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In the News: More Kudos for Protein (and More Triumphs for Reducing Carbohydrates)

A report published in the prestigious Archives of Internal Medicine (Feb 13, 2006) adds more evidence to the accumulating research showing that low-carb diets get weight off. The report- which analyzed the findings of five major studies comparing low-fat and low-carb diets-- found that low-carb diets do indeed help people shed pounds more quickly than low-fat regimines.

Researchers in the United States and Switzerland analyzed five large studies comparing a total of 447 middle-aged Americans- 222 followed a low-carb diet and 245 followed a low-fat one. After six months, those following the low-carbohydrate diet lost more weight than people on a low-fat diet. While the analysis did show that weight loss for both groups tended to equalize after a year, the evidence was clear that low-carb is a viable alternative for many people, and produces weight loss at least as successfully- if not more so- than low-fat regimines. And it seems to do it quicker, at least in the short term. The study comes on the heels of a new survey from Opinion Dynamics showing that fully 11 percent of the adult population in America is happily following the low-carb lifestyle.

At least as interesting as the weight loss in the study were the measurements on blood lipids. According to the study, neither blood pressure nor blood sugar changed in either the low-fat or the low-carb group, showing once more that a controlled carbohydrate diet performs just as well as a low-fat diet on these important measures. What’s more, on two critical measures it performs better. Both triglycerides and “good” HDL cholesterol were improved significantly more in the low-carb group. Some research has shown that the ratio of triglycerides to HDL cholesterol is even more predictive of coronary heart disease than traditional measures of cholesterol alone. By lowering triglycerides and raising HDL cholesterol, the low-carb diet improved that ratio and seriously outperformed the low-fat regimen.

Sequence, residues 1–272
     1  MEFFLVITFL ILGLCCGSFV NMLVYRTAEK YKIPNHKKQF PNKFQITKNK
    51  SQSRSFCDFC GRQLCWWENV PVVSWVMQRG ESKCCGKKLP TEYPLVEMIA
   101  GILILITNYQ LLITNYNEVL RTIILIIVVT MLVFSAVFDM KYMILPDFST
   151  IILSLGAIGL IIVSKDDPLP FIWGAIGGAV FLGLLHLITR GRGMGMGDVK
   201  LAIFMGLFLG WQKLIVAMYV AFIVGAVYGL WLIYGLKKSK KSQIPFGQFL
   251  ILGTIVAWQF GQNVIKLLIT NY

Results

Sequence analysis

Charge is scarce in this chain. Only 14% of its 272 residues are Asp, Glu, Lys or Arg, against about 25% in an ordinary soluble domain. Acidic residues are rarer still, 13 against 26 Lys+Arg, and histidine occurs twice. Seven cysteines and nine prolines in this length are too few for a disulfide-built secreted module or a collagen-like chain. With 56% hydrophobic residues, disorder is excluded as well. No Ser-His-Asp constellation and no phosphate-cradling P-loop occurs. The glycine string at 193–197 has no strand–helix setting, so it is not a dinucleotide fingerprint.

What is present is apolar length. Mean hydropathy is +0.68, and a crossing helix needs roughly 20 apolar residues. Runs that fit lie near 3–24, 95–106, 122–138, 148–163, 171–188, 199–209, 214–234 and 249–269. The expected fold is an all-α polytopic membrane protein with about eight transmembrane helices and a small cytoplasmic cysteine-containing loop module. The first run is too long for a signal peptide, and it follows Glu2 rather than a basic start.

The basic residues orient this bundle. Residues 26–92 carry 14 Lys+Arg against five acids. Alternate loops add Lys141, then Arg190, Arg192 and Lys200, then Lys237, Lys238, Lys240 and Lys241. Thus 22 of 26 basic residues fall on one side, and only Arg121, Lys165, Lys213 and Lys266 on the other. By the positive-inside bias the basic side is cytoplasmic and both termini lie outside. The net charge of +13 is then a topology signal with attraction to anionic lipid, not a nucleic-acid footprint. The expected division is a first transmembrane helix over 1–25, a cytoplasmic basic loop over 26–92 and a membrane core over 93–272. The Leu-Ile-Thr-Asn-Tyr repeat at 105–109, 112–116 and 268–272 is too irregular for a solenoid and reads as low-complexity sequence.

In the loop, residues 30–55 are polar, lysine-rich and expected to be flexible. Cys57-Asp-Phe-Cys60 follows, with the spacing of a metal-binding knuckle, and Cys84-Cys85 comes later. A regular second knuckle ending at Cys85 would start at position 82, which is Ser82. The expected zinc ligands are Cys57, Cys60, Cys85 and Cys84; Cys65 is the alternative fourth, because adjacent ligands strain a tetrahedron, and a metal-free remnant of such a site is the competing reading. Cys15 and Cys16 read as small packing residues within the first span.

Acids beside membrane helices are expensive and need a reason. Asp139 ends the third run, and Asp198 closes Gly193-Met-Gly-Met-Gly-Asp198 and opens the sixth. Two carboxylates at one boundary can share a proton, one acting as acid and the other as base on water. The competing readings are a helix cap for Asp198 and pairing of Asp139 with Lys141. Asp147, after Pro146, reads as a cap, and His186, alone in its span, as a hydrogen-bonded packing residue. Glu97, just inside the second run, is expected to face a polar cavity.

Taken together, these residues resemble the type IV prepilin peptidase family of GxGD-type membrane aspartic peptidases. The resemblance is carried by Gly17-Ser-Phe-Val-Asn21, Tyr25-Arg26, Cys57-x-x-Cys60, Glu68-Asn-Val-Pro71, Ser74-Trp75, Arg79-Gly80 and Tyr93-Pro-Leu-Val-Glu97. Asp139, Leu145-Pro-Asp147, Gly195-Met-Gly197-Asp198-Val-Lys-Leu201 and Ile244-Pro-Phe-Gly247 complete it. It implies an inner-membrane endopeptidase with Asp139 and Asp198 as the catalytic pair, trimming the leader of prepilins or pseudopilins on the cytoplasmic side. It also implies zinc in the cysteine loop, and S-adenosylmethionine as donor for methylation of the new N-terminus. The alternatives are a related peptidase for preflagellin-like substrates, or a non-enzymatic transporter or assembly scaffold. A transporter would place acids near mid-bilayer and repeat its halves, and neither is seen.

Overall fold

It’s true that the low carb group had a slightly greater rise in “bad” LDL cholesterol than the low-fat group, “but healthy triglyceride and HDL levels may outweigh the negative effects of LDL cholesterol, which in the low-carb group represented just minor increases”, said William Yancy, MD, an author on the study and a professor of medicine at the Department of Veterans Affairs and Duke University.

One fact that seemed to get lost in the news reporting on this study was that the low-carb groups did not restrict their calories. “Low-carbohydrate, non-energy-restricted diets appear to be at least as effective as low-fat, energy-restricted diets in inducing weight loss”, said the study summary. We at Atkins still believe that calories can’t be ignored, and too many calories are undeniably the culprit in weight regain. Nonetheless, the current study does seem to show that it’s easier to lose weight on a low-carb regimen than on a calorie-restricted low-fat one.

Part of the reason just might be protein. In a related study also out this month, Dutch researchers reported that consuming nearly one third of your daily calories as lean protein revs up a person’s metabolism during sleep, as well as boosting the burning of calories and fat during the day. Moreover, when the study’s participants- all women of healthy weight- ate more protein, they said they felt fuller, more satisfied and less hungry than when they consumed a diet with the typical amount of protein, (usually only 10% of calories). Adding more lean protein to your daily fare “enables you to reach the same level of (fullness) that you are used to with about 80% of your (usual calories)”, said Dr. Margriet Westerterp-Plantenga, the study’s lead author.

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